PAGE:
Leftover hummus: Totally done it. No shame.
Veggie broth: Try a few Tbsp if you want to thin it out but find find extra lemon or ACV too tangy.
When you want to keep the dressing light:
Collars Own Tangy Oil Free Dressing:
3-4 Tbsp Apple Cider Vinegar
Fresh juice from 1/2 a lemon
2-3 Tbsp Nutritional Yeast
1/2 tsp Celtic Sea Salt
1-3 Cloves raw garlic to taste
1 Tbsp Organic miso paste (Same rules apply.)
1 Tbsp Raw Honey (Same rules apply.)
1 Tbsp dulse
Optional: 1-2 pinches of your preferred spice (Tumeric is really good for you. Cajun spice blend is also really delicious. Just be sure to check the label of a spice blend to make sure there's no MSG or any of it's other sneaky names. A while back I was like "How come my face gets puffy whenever I eat taco seasoning? Oh.")
Blend all ingredients in a blender or food processor until fully incorporated.
Ingredient breakdown - In case you want to know why I pick some of these ingredients for health and beauty:
Lemon Juice and Apple Cider Vinegar: Fresh lemon (squeezed out of the fruit, not bottled) and ACV (the unpasteurized kind, like Bragg's) aid in digestion, increasing the HCL in your stomach and supplying enzymes. This is super important, obviously, because bad digestion is linked to weight gain as well as bloating and gas, and there's no point in trying to give your body the vital, beautifying nutrients it needs if you don't digest them. Lemon and ACV also have numerous documented health benefits, like killing pathogens in the body, lowering blood sugar, aiding in weight loss, and killing cancer cells.
Raw Garlic: The nutritional punch of raw garlic is insane. A one oz. serving offers a significant amount of Manganese, Vitamins C and B6. Manganese in particular is a mineral you need to properly absorb other nutrients -- very important. Raw garlic also has highly documented immune boosting properties, measurably decreasing the rate of catching a cold or flu. It's also got major antioxidant properties that reduce the the rate of Alzheimer's, aids in detoxifying heavy metals from your tissues, and combats bone loss and estrogen deficiency. Just try and make sure you and your partner both eat it. If you both have garlic breath, neither of you have to feel bashful about it. ;)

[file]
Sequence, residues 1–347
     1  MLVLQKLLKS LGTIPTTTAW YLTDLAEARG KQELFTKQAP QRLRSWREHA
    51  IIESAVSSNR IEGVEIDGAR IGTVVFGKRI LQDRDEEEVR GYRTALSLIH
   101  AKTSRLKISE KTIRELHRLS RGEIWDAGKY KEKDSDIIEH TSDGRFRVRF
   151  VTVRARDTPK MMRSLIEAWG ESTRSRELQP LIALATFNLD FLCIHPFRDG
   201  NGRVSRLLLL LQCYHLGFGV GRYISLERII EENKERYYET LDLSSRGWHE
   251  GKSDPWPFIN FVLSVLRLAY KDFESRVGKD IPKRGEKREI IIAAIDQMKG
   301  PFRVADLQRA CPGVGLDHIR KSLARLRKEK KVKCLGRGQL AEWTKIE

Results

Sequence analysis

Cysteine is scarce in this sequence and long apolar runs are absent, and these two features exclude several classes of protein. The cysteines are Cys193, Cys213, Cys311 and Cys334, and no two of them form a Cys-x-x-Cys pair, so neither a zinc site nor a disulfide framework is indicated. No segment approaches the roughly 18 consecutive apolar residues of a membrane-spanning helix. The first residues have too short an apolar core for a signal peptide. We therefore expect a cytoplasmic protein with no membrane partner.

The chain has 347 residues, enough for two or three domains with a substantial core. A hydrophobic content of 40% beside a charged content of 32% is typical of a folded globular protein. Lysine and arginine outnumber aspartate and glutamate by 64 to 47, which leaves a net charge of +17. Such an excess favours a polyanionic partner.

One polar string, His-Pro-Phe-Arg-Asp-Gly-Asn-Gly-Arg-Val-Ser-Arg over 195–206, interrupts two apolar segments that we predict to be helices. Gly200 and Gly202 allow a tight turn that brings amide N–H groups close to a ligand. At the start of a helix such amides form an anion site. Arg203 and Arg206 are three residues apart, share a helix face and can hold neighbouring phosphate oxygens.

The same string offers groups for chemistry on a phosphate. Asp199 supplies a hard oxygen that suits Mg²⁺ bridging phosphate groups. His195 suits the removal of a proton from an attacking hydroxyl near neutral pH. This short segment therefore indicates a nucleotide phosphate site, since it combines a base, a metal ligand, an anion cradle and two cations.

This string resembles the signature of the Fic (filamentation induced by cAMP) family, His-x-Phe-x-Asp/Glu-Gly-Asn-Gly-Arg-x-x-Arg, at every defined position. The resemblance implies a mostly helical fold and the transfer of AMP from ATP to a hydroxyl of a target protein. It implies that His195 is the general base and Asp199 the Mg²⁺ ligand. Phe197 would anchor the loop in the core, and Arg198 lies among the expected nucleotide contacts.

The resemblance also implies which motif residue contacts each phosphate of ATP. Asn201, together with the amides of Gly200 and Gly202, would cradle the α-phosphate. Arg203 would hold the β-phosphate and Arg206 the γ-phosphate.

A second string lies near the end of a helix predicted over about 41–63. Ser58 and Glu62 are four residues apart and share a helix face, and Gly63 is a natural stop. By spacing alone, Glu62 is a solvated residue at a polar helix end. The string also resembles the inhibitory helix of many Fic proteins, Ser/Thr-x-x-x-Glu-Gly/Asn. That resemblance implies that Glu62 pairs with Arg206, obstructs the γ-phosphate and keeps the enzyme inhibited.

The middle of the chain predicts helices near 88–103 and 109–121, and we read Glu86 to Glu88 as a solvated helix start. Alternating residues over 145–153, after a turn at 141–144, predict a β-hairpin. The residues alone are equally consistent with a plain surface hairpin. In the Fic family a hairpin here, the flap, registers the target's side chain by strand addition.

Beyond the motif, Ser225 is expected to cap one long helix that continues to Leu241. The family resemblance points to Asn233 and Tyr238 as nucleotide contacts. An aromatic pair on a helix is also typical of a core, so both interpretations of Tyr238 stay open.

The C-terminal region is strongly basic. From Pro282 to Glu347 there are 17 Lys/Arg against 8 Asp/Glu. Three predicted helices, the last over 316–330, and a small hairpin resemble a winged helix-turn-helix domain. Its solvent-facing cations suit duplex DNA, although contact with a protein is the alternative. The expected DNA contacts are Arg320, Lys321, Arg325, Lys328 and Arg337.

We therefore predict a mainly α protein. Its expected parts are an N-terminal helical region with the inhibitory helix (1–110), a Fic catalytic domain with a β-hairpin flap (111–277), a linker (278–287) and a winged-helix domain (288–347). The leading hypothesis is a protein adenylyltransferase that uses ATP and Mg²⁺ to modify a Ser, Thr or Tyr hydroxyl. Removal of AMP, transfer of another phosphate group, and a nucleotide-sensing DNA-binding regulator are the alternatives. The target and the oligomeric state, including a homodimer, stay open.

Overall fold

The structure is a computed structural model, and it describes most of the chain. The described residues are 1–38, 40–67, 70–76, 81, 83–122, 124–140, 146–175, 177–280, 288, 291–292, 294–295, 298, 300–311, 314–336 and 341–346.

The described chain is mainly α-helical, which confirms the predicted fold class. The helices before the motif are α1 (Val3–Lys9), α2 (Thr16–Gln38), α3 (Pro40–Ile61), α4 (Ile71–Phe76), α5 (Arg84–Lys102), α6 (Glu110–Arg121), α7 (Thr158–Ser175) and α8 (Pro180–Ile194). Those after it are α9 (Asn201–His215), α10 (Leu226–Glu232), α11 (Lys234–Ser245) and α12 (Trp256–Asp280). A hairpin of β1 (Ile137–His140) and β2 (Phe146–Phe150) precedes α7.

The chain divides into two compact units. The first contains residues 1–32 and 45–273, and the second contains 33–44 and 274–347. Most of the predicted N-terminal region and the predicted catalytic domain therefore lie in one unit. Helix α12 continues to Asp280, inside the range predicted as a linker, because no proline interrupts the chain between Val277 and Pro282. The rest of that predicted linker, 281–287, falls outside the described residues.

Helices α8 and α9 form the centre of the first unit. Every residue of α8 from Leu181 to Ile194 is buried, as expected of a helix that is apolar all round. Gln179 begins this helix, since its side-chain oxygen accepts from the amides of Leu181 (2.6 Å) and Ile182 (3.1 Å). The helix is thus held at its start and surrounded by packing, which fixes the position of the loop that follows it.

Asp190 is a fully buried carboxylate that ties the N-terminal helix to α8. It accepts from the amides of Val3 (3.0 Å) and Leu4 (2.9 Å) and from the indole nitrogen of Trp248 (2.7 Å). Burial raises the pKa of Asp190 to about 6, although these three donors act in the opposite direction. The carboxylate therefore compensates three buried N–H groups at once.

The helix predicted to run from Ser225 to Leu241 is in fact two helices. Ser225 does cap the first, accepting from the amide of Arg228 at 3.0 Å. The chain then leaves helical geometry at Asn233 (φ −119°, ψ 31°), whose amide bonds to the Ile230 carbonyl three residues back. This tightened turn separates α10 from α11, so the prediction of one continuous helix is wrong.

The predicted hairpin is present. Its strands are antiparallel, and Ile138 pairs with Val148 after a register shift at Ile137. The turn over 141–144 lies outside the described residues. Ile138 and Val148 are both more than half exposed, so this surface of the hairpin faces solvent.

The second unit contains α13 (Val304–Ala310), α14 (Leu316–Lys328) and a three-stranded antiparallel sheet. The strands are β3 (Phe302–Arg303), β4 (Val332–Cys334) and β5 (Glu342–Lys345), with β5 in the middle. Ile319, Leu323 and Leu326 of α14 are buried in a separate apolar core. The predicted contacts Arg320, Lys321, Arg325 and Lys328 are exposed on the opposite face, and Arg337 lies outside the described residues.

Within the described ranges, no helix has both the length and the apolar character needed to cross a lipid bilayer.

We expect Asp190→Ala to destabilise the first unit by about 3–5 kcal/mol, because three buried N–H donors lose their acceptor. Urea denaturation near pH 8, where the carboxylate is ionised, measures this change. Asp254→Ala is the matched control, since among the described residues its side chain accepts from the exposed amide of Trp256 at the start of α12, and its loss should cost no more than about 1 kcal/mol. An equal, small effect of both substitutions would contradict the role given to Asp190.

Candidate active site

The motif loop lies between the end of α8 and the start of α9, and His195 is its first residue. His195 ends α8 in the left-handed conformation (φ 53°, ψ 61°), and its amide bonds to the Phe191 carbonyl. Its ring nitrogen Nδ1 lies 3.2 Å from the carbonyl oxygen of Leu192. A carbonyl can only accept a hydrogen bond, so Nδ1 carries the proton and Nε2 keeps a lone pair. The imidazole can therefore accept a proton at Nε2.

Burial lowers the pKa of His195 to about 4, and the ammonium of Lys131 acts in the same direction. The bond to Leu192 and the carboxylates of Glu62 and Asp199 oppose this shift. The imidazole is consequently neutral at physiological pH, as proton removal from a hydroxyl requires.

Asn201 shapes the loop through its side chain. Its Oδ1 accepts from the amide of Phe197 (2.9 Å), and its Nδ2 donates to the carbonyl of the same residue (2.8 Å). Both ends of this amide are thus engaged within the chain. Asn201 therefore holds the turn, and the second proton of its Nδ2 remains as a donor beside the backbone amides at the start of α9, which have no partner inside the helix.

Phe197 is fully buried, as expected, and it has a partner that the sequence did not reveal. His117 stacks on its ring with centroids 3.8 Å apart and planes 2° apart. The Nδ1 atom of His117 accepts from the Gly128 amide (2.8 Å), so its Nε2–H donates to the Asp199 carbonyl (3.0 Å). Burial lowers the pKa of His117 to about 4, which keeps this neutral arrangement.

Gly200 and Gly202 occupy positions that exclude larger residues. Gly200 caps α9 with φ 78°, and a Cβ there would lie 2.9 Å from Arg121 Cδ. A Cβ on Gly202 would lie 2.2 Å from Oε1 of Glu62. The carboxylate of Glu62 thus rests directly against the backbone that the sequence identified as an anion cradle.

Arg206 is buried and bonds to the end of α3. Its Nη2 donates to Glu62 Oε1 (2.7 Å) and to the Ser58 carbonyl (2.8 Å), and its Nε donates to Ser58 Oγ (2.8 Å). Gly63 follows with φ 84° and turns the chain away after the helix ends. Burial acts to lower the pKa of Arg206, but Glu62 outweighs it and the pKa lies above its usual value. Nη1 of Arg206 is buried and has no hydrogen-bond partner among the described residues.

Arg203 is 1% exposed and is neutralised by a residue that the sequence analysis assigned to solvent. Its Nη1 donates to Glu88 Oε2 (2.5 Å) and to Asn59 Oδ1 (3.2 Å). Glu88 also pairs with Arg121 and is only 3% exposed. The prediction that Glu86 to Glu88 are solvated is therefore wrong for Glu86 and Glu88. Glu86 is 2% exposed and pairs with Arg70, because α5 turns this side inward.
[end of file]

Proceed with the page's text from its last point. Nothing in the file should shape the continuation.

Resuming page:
Miso: Eating lots of soy isn't good for you, unless it's fermented. Fermented foods are great for you, providing good bacteria that help your body extract nutrients of your food. That's the case with miso, which also has many, many other associated benefits, from its high concentrations of vitamins B2, E, K, calcium, iron, potassium, choline and lecithin, to it's major disease fighting, anti-oxidant properties.
Nutritional Yeast: Call this stuff "nooch" for short, like I do, and drive your friends crazy! Nutritional Yeast is crazy high in B12, which is otherwise not super concentrated in many plant based foods. All vitamins and minerals are important, but B12 is particularly vital for your metabolism. Don't lie, you know that makes it your favorite.
Dulse: Like all sea vegetables, dulse is very, very high in many minerals. Minerals are particularly important when it comes to your skin and hair, in addition, of course, to your overall health. Specifically, dulse is backed with iodine -- another vital nutrient for your metabolism. DING DING! What's kind of funny is that crappy table salt (see my first post in this series on why Celtic Sea Salt is your beautifying, non-crappy option) is often fortified with iodine, but the amount of sodium in a serving of traditional table salt, without other trace minerals present, has the anti-beautifying effect of causing you to leach your body's existing mineral stores -- potentially right out of your bones. Gross!
Tune in for more posts in this series. Next, I'll cover veggie burgers and hummus, talk about some more of my favorite nutritionally powerful ingredients for my staple meals, and talk about plant-based meals for kids.